18 Białostocki, The Art of the Renaissance in Eastern Europe, pp. 88. In Bialostocki's writing there is further evidence of the paragone debate where he assesses the relief sculpture as a ‘striving for concrete forms dominates this decoration: it is plastic, convex, tactile, not painterly but picturesque’. He lists a series of classifying principles, such as painterly versus linear or the Classical sobriety versus Baroque fancifulness as described in Wölfflin, Henrich, Principles of Art History: The Problem of the Development of Style in Later Art (ed. New York, 1950; (First published in 1915). See the discussion of these issues in Johnson, ‘The Art of Touch in Early Modern Italy’, pp. 74–75.

19 Vitruvius, De architectura, 7, Chap. 5; The Ten Books on Architecture, trans. Morgan, Morris Hicky (New York, 1960), pp. 210–11.

20 Ibid.; trans. Morgan, p. 211.

21 Ibid.; trans. Morgan, p. 212.

22 Payne, Alina, ‘Renaissance sgraffito Façades and the Circulation of Objects in the Mediterranean’, in Synergies in Visual Culture, ed. Hoffmann, Annette and Suthor, Nicola (Munich, 2013), pp. 229–41 (p. 229); Payne, Alina, ‘Wrapped in Fabric: Florentine Façades, Mediterranean Textiles, and A-Tectonic Ornament in the Renaissance’, in Histories of Ornament: From Global to Local, ed. Necipoğlu, Gürlu and Payne, Alina (Princeton, 2016), pp. 274305 (pp. 274–89); Alina Payne, ‘Materiality, Crafting and Scale in Renaissance Architecture’, Oxford Art Journal (2009), pp. 365–86.

23 Payne, ‘Renaissance sgraffito Façades', pp. 231–33; Payne, ‘Wrapped in Fabric’, pp. 274–89. Studies on Polish sgraffito include: Moisan-Jabłońska, Krystyna, ‘Sgraffito na fasadzie kamienicy Górskich w Kazimierz Dolnym nad Wisłą i jego pierwowzór graficzny’, in Studia nad sztuką renesansu i baroku VIII. Fundator i dzieło w sztuce nowożytnej, cz. III, ed. Lileyko, Jerzy and Rolska-Boruch, I. (Lublin, 2007), pp. 259–74; Rudkowski, Tadeusz, ‘Dekoracje sgraffitowe kamienic mieszczańskich w Polsce w XVI i XVII wieku’, Kwartalnik Architektury i Urbanistyki, XXX, z. 2 (1985), pp. 227–43; Rudkowski, Tadeusz, Polskie sgraffita renesansowe (Warszawa, 2006); Rudkowski, Tadeusz, ‘Renesansowe sgraffita figuralne na elewacjach kamienic mieszczańskich w Europie Środkowej’, in Sztuka miast i mieszczaństwa XV–XVIII wieku w Europie Środkowowschodniej, ed. Harasimowicz, Jan (Warszawa, 1990), pp. 317–34.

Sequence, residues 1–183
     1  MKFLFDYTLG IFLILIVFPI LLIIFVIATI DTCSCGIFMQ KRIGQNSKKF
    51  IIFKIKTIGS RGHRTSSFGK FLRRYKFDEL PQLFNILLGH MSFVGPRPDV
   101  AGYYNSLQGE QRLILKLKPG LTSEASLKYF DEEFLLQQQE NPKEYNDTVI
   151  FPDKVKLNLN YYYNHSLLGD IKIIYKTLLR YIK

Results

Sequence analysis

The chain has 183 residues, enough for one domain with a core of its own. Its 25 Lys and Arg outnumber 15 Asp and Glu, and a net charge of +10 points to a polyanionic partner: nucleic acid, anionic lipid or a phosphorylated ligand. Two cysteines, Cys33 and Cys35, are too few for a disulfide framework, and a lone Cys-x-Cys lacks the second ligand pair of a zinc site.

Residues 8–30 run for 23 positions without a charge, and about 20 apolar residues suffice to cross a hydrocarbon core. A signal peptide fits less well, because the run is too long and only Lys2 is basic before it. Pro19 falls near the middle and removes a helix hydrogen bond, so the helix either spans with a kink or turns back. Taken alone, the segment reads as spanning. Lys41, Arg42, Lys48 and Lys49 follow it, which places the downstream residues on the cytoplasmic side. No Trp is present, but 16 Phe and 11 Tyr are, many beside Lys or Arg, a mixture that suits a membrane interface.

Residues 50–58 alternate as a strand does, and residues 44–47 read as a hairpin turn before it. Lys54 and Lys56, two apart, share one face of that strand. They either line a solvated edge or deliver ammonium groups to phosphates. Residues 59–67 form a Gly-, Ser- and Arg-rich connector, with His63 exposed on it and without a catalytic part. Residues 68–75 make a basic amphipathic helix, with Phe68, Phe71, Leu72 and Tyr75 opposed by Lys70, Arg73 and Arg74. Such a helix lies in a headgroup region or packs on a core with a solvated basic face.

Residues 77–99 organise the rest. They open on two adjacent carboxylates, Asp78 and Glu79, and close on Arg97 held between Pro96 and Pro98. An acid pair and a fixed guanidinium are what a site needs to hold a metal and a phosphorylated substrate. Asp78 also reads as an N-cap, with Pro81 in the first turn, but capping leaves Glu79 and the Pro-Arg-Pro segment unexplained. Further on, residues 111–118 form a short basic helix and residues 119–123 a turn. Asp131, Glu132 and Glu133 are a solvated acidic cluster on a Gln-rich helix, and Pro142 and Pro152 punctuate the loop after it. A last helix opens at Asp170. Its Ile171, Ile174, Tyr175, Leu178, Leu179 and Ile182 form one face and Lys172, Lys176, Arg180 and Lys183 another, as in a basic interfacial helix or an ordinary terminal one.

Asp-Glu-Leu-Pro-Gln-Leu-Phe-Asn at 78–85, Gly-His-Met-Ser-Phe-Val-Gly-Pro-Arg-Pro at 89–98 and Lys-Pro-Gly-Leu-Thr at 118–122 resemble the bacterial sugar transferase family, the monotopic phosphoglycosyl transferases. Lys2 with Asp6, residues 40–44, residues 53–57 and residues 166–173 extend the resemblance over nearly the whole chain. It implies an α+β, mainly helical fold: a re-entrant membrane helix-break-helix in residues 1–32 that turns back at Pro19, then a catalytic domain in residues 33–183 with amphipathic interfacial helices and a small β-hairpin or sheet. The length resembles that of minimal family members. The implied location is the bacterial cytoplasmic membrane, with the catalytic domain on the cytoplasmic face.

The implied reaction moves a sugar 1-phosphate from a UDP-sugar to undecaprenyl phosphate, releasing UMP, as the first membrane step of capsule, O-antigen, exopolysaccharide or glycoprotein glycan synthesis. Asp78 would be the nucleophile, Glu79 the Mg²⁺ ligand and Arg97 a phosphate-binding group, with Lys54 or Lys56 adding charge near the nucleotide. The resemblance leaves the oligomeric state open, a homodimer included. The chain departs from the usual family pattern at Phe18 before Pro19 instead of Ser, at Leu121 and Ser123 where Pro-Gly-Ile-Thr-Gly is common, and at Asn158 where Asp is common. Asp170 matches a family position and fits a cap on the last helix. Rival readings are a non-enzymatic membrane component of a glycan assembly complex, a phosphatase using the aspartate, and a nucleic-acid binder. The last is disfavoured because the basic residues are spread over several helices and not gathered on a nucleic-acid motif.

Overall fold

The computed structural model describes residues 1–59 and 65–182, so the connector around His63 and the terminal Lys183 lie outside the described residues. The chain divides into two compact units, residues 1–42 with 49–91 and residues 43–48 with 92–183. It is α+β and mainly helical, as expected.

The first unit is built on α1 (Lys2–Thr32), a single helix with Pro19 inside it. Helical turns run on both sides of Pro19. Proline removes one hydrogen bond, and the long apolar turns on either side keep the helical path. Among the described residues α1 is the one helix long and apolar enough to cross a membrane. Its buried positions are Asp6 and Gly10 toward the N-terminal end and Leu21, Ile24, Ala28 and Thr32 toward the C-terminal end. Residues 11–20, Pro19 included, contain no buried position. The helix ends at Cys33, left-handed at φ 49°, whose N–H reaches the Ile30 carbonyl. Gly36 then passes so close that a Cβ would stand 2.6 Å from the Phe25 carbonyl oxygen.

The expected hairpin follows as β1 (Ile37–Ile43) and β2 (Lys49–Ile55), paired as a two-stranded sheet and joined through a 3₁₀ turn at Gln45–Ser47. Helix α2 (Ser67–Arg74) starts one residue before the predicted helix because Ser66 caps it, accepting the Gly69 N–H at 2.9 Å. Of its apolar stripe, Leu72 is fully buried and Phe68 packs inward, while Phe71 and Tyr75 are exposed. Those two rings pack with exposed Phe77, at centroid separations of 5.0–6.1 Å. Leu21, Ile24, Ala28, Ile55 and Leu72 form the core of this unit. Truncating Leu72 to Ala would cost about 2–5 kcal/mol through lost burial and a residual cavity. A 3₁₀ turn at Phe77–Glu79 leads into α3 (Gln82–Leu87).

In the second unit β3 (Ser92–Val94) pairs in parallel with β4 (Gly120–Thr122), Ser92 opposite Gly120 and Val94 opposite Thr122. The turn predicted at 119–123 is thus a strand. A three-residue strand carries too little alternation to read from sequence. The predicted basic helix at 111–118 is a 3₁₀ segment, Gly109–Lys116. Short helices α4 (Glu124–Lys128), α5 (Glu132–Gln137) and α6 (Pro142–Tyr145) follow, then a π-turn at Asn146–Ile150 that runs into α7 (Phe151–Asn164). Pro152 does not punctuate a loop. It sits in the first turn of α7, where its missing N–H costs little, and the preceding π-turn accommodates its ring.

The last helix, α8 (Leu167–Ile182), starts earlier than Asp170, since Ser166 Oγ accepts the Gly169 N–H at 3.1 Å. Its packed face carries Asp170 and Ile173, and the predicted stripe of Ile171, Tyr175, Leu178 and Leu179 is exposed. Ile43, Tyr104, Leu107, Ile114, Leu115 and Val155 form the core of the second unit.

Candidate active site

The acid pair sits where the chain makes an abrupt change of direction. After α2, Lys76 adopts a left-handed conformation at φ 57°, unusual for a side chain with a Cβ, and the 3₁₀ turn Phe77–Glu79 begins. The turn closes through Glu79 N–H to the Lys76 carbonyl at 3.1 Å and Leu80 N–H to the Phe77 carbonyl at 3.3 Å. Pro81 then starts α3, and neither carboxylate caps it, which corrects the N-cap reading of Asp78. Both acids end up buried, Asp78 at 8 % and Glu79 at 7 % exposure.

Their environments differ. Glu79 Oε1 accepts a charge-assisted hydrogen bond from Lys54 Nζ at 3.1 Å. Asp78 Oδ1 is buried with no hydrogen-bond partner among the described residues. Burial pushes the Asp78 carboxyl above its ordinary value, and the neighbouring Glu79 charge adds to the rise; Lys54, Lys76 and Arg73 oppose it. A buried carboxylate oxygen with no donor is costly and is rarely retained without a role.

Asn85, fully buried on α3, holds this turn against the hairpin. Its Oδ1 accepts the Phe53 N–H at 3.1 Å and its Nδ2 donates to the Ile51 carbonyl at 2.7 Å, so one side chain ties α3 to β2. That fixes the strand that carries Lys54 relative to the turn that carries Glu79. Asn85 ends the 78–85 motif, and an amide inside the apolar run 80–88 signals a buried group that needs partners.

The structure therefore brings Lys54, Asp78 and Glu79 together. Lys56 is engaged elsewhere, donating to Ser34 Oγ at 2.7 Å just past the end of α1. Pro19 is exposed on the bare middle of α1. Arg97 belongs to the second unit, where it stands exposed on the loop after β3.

24 Payne, ‘Renaissance sgraffito’, p. 235. See also The Image in Form: Selected Writings of Adrian Stokes ed. Wollheim, Richard (Harmondsworth, 1973), pp. 150–51. Stokes differentiates between the carving and modelling approach in sculptural arts. He states that ‘in the two activities there lies a vast difference that symbolises not only the two aspects of labour, but even the respective roles of male and female. Man, in his male aspect, is the cultivator or carver of woman who, in her female aspect, moulds her products as does the earth’.

25 I discovered the prayer books at the archive of the Parish Church in Kazimierz Dolny. Thanks to John T. McQuillan, assistant curator at the Morgan Library, for explaining the technique to me. See examples of such prayer books in, Kyriss, Ernst, Der verzierte europäische Einband vor der Renaissance (Stuttgart, 1957); Foot, Mirjam M., The History of Bookbinding as a Mirror of Society (London, 1998).

26 It has been noted that the depicted rulers are both Catholic and Protestant. This co-existence of faiths will be discussed later in the paper where I argue that it is a theme of architectural iconography to show one's religious identity but to emphasise its tolerant character through juxtaposition of virtues and Latin inscriptions articulating civic ethics and morals.

27 I do not mean metaphorically. It has come to my attention that there were instances of pilgrims bringing back dust and/or scratched building matter collected at holy sites that they mixed into a drink.

28 Jakobiec, Katie, ‘Architecture of Benefaction: The Last Will and Testament of a Grain Merchant’, Journal of Interdisciplinary History, 47: 4 (2017), pp. 119 .

29 Obuchowska-Pysiowa, Honorata, Handel wiślany w pierwszej połowie XVII wieku (Wrocław, 1964), p. 56 ; Kus, Józef, ‘Udział Kazimierza Dolnego w spławie wiślanym od XVI do XVIII wieku’, in Problemy dziejów i konserwacji miast zabytkowych, ed. Szczygieł, R. (Radom, 1990), p. 57 ; Chruszczewski, Adam, ‘Kupcy zbożowi i handel zbożem w Kazimierzu Dolnym w drugiej połowie XVI wieku’, Roczniki Humanistyczne KUL t. VI, z. 5 (1958), p. 96 .

30 Van Tielhof, Milja, The ‘Mother of all Trades’. The Baltic Grain Trade in Amsterdam From the Late 16th to the Early 19th Century (Leiden, 2002); Attman, Artur, The Russian and Polish Markets in International Trade 1500–1650 (Göteborg, 1973), p. 21 ; Obuchowska-Pysiowa, Handel wiślany, p. 56.